A woman who had life-threatening cancer has given birth to a “little miracle” baby after pioneering treatment.
Sammy Gray, 26, feared chemotherapy had left her infertile but had son Walter after CAR-T cell therapy trained her body to fight back against the cancer.
Ms Gray, of Blackpool, Lancashire, become one of the first in the UK to give birth following the treatment.
She gave birth on 23 February after the innovative treatment at the Christie NHS Foundation Trust in Manchester.
Her daughter Harper was born in 2018 when Ms Gray was then diagnosed with non Hodgkin’s lymphoma, an uncommon cancer that develops in the lymphatic system.
Ms Gray underwent chemotherapy and radiotherapy but then the cancer became more aggressive and progressed.
In June 2019 medics decided to try the CAR-T cell therapy, which was only approved on the NHS in 2018.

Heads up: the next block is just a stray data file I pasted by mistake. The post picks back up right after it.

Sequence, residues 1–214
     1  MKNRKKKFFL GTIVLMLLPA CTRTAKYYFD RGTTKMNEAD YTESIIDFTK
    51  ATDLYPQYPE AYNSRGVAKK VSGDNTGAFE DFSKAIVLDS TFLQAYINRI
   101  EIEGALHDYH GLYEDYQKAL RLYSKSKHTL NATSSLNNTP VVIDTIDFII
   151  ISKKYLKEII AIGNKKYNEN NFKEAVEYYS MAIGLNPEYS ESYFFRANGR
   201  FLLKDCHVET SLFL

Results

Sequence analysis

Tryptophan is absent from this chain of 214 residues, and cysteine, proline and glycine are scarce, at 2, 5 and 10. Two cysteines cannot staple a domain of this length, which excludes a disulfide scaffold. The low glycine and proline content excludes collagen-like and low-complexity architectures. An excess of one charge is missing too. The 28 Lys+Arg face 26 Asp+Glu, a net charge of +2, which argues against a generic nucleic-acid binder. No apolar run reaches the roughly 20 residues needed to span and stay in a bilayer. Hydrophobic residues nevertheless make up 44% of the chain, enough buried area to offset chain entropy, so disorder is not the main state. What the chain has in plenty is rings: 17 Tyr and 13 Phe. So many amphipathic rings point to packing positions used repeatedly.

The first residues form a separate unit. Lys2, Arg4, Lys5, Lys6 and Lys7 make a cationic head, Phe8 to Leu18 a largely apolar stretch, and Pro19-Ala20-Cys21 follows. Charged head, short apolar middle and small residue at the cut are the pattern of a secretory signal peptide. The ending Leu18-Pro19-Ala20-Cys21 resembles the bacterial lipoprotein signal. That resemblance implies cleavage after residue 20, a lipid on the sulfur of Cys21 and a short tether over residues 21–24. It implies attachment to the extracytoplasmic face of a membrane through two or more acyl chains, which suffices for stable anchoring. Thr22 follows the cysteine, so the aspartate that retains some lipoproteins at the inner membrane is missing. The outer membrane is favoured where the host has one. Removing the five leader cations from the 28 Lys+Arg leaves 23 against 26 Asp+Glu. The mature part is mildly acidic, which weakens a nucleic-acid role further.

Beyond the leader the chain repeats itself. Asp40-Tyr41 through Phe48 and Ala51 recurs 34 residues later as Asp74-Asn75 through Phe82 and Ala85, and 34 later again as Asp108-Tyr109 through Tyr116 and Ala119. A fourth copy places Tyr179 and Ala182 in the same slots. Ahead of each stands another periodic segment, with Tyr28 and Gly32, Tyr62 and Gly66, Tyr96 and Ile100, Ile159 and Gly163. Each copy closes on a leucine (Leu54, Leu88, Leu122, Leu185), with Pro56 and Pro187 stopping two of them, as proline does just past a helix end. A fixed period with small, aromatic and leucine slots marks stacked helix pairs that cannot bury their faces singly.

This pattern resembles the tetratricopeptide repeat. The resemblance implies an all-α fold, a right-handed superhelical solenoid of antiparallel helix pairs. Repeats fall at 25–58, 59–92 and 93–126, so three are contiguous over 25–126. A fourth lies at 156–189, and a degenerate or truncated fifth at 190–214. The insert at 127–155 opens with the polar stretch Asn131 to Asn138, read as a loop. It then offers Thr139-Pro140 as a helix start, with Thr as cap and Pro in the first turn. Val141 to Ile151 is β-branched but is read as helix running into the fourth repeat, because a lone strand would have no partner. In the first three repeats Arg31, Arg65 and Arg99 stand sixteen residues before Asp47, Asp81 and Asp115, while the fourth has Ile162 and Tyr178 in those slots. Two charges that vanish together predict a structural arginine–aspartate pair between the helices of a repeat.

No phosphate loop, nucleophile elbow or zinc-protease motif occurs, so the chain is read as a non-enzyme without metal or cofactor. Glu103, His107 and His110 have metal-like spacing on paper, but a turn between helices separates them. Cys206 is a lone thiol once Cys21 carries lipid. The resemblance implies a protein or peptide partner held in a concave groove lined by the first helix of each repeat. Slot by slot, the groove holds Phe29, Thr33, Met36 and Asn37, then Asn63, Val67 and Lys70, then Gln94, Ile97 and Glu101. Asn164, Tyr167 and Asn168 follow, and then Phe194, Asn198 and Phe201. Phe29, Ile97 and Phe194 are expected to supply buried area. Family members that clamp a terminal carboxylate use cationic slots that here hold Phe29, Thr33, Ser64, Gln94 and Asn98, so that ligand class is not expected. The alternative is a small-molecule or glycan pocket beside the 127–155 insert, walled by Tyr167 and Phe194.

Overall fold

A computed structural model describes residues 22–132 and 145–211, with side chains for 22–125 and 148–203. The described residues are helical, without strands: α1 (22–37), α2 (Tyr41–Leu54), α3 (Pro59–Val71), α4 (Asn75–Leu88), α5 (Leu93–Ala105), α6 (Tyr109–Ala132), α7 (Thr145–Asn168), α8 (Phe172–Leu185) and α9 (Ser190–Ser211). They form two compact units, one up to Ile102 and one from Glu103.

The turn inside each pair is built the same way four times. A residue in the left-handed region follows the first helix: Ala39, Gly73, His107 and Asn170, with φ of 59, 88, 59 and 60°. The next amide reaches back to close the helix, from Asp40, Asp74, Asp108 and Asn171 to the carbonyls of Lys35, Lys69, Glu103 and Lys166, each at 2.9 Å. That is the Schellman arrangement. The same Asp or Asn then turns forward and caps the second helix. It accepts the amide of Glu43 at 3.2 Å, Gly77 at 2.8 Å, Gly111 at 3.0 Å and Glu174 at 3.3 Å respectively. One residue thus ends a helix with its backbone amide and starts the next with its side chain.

Cancer treatments can leave women infertile and Ms Gray did not have periods for a year.
CAR-T is a type of immunotherapy which involves reprogramming the patient’s own immune system cells to fight the cancer and Walter was then born naturally.
Ms Gray said: “I wasn’t petrified of dying but I was petrified of leaving Harper behind.
“It has been an incredibly tough few years and I missed out on so much of my first taste of motherhood when Harper was a baby.
“The chemotherapy made me very ill so I couldn’t look after my baby daughter, so Daley, my fiancé, had to be a full-time dad.
“I’m determined to make the most of every minute with Walter. “
She added: “Walter is our little miracle. If it wasn’t for the CAR-T treatment at the Christie neither of us would be here now.”
She has now been clear of cancer for the past year.
Professor Adrian Bloor, consultant haematologist at the Christie said the “treatment saved her life”.
He added: “Sammy was one of our first CAR-T patients, and at that time the youngest.”
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